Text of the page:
Finally, I am amazed how many people spend their time offering advice with conceivably no benefit to themselves. Thank you for your critical thought and responses!
 

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It is only when you pop it out of gear do you notice that RPMs seem to be set at 1500.

have not set the fuel sync. Is it better to take into a shop to do (against my religion), rent a scanner from autozone (will they have the right one?) or use the voltage method Even if the fuel sync is off, would it cause this issue?

I have also read threads about "setting" the new IAC. It had to do with taking the cap off the screw that sets the butterfly plate opening on the TB. Same screw you would set idle speed on an old carburetor. Could it be possible this needs to be set?

Finally, I am amazed how many people spend their time offering advice with conceivably no benefit to themselves.
... Being it only happens when warmed up (closed loop) and only when it's popped out of gear seems to indicate learned behavior.
..Might be a MAP sensor issue (its short rubber line/elbow has a bad habit of rotting and leaking); PCM would recieve a low (false) vac signal and add fuel (PCM was still thinking trans is in gear and extra load/hill etc was causing low vac signal).

... From what I've "heard", fuel sync by the voltage/meter method gives mixed results.
..Being it's a new motor and a tight timing chain would not fell guilty about blowing a few bucks getting the fuel sync set "properly", if dealer still remembers how to use tool to do it (ya, rent/borrow/buddy the proper scanner and DIY, or find someone with tool that knows how to use it).
... At the least, pop the dizzy cap and do the "initial set"; turn crank CW till balancer mark is at TDC at top of comp stroke (rotor will be point towards no.1 terminal on cap), then rotate dizzy body till notch on cam sensor is directly underneath rotor; pic in post 2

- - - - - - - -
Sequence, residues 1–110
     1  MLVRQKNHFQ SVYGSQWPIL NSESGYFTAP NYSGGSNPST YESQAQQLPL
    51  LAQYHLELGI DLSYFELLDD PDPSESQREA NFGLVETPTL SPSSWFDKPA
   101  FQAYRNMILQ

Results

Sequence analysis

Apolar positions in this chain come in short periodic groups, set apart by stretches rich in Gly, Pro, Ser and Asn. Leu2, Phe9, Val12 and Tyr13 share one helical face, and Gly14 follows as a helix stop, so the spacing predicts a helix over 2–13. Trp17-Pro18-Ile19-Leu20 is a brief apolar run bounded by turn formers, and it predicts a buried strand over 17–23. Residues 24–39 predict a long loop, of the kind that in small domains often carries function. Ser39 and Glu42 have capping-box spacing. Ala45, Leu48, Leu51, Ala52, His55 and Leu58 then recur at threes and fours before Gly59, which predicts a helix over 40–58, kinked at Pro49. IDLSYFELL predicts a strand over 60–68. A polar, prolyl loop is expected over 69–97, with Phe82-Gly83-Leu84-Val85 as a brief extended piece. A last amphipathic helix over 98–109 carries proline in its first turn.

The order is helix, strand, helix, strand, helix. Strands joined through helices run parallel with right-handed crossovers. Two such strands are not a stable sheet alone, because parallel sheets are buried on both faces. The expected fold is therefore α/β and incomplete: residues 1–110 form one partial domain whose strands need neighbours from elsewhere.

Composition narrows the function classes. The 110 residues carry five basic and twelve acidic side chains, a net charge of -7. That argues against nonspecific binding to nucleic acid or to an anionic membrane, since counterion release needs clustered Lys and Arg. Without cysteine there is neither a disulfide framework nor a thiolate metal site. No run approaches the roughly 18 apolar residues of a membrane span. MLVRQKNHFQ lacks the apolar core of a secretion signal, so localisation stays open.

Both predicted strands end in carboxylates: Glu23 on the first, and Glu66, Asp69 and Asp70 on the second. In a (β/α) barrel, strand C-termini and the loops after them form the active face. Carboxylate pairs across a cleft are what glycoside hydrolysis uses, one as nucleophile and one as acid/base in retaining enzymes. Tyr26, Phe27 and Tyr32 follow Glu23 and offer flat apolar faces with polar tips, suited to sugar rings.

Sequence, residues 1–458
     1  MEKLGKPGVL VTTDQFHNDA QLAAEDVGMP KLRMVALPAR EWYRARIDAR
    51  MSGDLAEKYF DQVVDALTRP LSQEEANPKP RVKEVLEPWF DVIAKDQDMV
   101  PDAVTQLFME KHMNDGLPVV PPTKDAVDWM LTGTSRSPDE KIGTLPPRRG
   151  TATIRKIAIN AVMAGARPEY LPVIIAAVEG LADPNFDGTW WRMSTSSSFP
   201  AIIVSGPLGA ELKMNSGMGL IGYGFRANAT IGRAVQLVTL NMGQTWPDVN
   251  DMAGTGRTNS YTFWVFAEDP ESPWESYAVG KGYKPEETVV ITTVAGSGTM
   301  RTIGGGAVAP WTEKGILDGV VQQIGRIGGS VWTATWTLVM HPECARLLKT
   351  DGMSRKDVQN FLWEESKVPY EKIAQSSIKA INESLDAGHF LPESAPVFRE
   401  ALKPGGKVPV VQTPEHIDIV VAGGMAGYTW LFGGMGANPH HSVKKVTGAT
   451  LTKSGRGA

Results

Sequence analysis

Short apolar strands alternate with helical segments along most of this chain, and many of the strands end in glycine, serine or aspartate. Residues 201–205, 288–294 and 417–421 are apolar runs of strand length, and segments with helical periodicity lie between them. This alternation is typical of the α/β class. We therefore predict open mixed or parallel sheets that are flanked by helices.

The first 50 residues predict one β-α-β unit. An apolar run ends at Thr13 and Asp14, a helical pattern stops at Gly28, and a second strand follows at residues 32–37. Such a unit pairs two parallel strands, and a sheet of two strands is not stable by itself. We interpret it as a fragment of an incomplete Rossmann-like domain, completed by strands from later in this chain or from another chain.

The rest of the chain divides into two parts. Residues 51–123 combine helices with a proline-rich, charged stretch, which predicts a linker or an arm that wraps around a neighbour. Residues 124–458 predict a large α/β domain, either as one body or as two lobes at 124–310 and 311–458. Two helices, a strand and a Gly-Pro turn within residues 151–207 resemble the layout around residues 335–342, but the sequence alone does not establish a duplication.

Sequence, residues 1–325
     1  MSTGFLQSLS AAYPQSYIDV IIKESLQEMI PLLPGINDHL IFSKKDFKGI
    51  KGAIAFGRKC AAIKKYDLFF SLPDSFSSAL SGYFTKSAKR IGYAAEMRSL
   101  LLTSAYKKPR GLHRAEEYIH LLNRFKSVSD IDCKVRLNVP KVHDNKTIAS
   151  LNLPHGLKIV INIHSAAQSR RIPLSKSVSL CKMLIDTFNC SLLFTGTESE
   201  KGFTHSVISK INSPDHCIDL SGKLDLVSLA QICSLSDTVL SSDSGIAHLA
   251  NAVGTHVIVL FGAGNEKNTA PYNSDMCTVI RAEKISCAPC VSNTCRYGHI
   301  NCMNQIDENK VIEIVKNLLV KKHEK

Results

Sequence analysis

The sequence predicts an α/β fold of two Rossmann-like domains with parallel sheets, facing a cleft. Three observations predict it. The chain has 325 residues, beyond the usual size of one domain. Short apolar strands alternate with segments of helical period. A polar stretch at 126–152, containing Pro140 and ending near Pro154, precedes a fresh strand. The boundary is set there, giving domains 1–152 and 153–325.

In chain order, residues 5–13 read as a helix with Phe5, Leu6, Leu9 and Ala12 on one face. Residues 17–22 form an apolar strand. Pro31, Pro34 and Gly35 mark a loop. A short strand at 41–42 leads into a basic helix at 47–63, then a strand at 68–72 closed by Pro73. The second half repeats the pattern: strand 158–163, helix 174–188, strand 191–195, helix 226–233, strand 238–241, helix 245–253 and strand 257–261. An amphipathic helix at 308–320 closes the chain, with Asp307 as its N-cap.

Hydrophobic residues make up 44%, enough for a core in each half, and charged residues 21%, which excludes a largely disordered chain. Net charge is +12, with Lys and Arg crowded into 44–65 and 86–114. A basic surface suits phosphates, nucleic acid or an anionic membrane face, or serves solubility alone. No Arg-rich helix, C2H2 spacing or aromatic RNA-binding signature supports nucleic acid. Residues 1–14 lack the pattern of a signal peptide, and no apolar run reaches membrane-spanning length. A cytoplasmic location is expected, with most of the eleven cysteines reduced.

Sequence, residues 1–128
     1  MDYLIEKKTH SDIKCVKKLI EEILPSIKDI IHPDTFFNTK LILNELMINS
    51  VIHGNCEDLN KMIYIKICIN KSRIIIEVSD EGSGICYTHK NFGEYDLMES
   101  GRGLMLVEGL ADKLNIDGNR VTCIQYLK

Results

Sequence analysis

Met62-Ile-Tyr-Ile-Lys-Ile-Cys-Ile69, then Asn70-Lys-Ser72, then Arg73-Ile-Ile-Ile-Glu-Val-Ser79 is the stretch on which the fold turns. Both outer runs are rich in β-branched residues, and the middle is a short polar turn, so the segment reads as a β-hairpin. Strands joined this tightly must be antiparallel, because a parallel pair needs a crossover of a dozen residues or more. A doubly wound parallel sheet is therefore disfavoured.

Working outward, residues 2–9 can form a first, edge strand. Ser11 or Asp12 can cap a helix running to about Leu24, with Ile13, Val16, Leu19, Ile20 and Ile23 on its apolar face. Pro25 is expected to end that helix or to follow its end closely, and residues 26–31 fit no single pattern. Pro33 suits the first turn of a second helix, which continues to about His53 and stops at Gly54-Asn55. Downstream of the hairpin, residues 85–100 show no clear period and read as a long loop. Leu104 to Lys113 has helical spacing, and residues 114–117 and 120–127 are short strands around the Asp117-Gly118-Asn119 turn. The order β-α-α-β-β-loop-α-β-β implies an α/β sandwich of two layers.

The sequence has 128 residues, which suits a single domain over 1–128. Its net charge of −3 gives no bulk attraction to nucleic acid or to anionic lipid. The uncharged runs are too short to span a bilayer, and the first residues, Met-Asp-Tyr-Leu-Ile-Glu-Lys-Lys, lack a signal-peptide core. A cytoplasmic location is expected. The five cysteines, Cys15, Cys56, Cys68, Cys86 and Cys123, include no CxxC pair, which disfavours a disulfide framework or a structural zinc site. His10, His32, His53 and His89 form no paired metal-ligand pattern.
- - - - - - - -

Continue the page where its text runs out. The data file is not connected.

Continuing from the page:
http://www.dodgetalk.com/forums/showthread.php?t=527977&highlight=fuel+sync

... I forget the whole story about resetting throttle butterfly; being cold idle (open loop) and warm start/"idle" are both good I don't think it's the issue, but, have been wrong many times before.

... Benefit is all the stuff one learns (my issue is trying to remember it, good but short memory and all, lol).
..Helps avoid minor/major/costly/UNNECESSARY headaches; always good to be armed with info before opening something up, or ya can easily end up with a costly bill and a half repaired can of worms (think heaters, vac issues, frt axle work, auto trans, running issues due to batteries/charging/grounds and cam/crank sensors; and ya, then there's the fuel sync, myself and kinda sounds like you too first heard about it here on DT).
..Although it's kinda quiet around here since the changeover, lurking around here helps.
..Swap and build threads etc have a lot of creative people/info/ideas; from the very modern, to sometimes the most basic and simply forgotten/overlooked "stone and wheel" methods of the past. Welcome to DT.
 

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Discussion Starter #7
So wouldn't you know it.. vacuum leak after all. I conveniently forgot to mention I had installed the cable actuator for the front axle engagement. Either the vacuum cap fell off or I forgot to install both, because only one of the metal lines was capped. I took the throttle body off for another inspection and noticed the vacuum T fitting from the cruise control/evap vacuum line and then realized I totally forgot about this line. Much better throttle response and power. Thanks again!
 

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So wouldn't you know it.. vacuum leak after all. I conveniently forgot to mention I had installed the cable actuator for the front axle engagement. Either the vacuum cap fell off or I forgot to install both, because only one of the metal lines was capped. I took the throttle body off for another inspection and noticed the vacuum T fitting from the cruise control/evap vacuum line and then realized I totally forgot about this line. Much better throttle response and power. Thanks again!
Thanks for concluding the thread to help others!! Cheers ttmike42!!
 

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Since swapping from an auto to the coveted NV 4500, I plan to install a vacuum gauge on the steering column. E-bay has a gauge mount that replaces the top half of the steering column shroud. A vacuum gauge is very useful in spotting problems.